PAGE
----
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Dr. Alvaro Vergara-Mery oral history interview: transcript


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Oral history interview with Dr. Alvaro Vergara-Mery conducted by Barbara Tabach on October 28, 2020 for the Latinx Voices of Southern Nevada Oral History Project. Alvaro discusses his personal history and his upbringing in both Chile and the United Kingdom before immigrating to the United States; due to political unrest in Chile, he moved to the U.K. where his mother was born before attending university in the United States. Alvaro talks about his work as a medical interpreter for University Medical Center (UMC) as well as his college teaching experience at University of Nevada Las Vegas and California State Berkley.

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Dr. Alvaro Vergara-Mery oral history interview, 2020 October 28. OH-03704. [Transcript.] Oral History Research Center, Special Collections and Archives, University Libraries, University of Nevada, Las Vegas. Las Vegas, Nevada.


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An Oral History Conducted by Barbara Tabach
Latinx Voices of Southern Nevada
Oral History Project
Oral History Research Center at UNLV
University Libraries
University of Nevada Las Vegas
©Latinx Voices of Southern Nevada
University of Nevada Las Vegas, 2018
Produced by: The Oral History Research Center at UNLV – University Libraries
Director: Claytee D. White
Project Manager: Barbara Tabach
Transcribers: Kristin Hicks, Maribel Estrada Calderón, Nathalie Martinez, Rodrigo Vazquez, Elsa Lopez
Editors and Project Assistants: Laurents Bañuelos-Benitez, Maribel Estrada Calderón, Monserrath Hernández, Elsa Lopez, Nathalie Martinez, Marcela Rodriguez-Campo, Rodrigo Vazquez
The recorded interview and transcript have been made possible through the generosity of a National Endowment for Humanities (NEH) Grant. The Oral History Research Center enables students and staff to work together with community members to generate this selection of first-person narratives. The participants in this project thank University of Nevada Las Vegas for the support given that allowed an idea the opportunity to flourish.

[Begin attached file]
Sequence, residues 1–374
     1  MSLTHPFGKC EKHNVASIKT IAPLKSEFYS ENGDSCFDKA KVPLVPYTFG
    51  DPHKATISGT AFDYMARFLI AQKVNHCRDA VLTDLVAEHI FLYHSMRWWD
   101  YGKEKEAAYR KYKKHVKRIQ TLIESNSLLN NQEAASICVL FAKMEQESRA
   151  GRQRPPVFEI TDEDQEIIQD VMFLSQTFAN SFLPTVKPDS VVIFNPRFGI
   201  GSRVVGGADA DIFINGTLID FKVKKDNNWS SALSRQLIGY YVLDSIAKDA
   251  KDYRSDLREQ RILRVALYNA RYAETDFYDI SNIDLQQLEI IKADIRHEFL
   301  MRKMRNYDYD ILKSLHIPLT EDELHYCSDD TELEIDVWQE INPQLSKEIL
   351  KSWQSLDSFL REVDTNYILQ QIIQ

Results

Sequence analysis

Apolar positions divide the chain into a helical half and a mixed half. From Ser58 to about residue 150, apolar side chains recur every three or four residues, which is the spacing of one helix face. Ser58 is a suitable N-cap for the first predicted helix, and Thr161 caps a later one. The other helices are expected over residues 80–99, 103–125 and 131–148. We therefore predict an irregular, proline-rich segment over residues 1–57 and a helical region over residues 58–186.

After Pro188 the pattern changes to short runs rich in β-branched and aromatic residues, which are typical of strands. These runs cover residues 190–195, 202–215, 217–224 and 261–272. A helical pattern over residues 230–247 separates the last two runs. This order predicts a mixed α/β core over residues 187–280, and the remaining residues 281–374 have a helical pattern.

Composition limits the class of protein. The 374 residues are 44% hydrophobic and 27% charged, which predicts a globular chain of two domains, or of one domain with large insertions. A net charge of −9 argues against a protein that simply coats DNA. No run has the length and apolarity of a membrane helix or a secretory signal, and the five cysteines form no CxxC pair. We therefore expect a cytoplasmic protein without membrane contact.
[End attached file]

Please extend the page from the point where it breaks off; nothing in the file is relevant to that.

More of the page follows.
The transcript received minimal editing that includes the elimination of fragments, false starts, and repetitions in order to enhance the reader’s understanding of the material. All measures have been taken to preserve the style and language of the narrator. In several cases photographic sources accompany the individual interviews with permission of the narrator.
The following interview is part of a series of interviews conducted under the auspices of the Latinx Voices of Southern Nevada.
Claytee D. White
Director, Oral History Research Center
University Libraries
University of Nevada Las Vegas
Alvaro Vergara-Mery is a certified medical interpreter who has live in Nevada since 2003. Born in Chile, Alvaro was raised during the dictatorship of Augusto Pinochet, an era of significant human rights violations. His father was Chilean, but his mother was also a citizen of the United Kingdom. Finally in 1989, Pinochet was indicted and his harsh rule of Chile ended.
For Alvaro, this meant he could more freely seek opportunities elsewhere, including his higher education. He received a bachelor’s degree from Universidad de La Serena in Chile, a master’s in Education and Spanish from Minnesota State University, and his doctorate in Spanish from Arizona State University.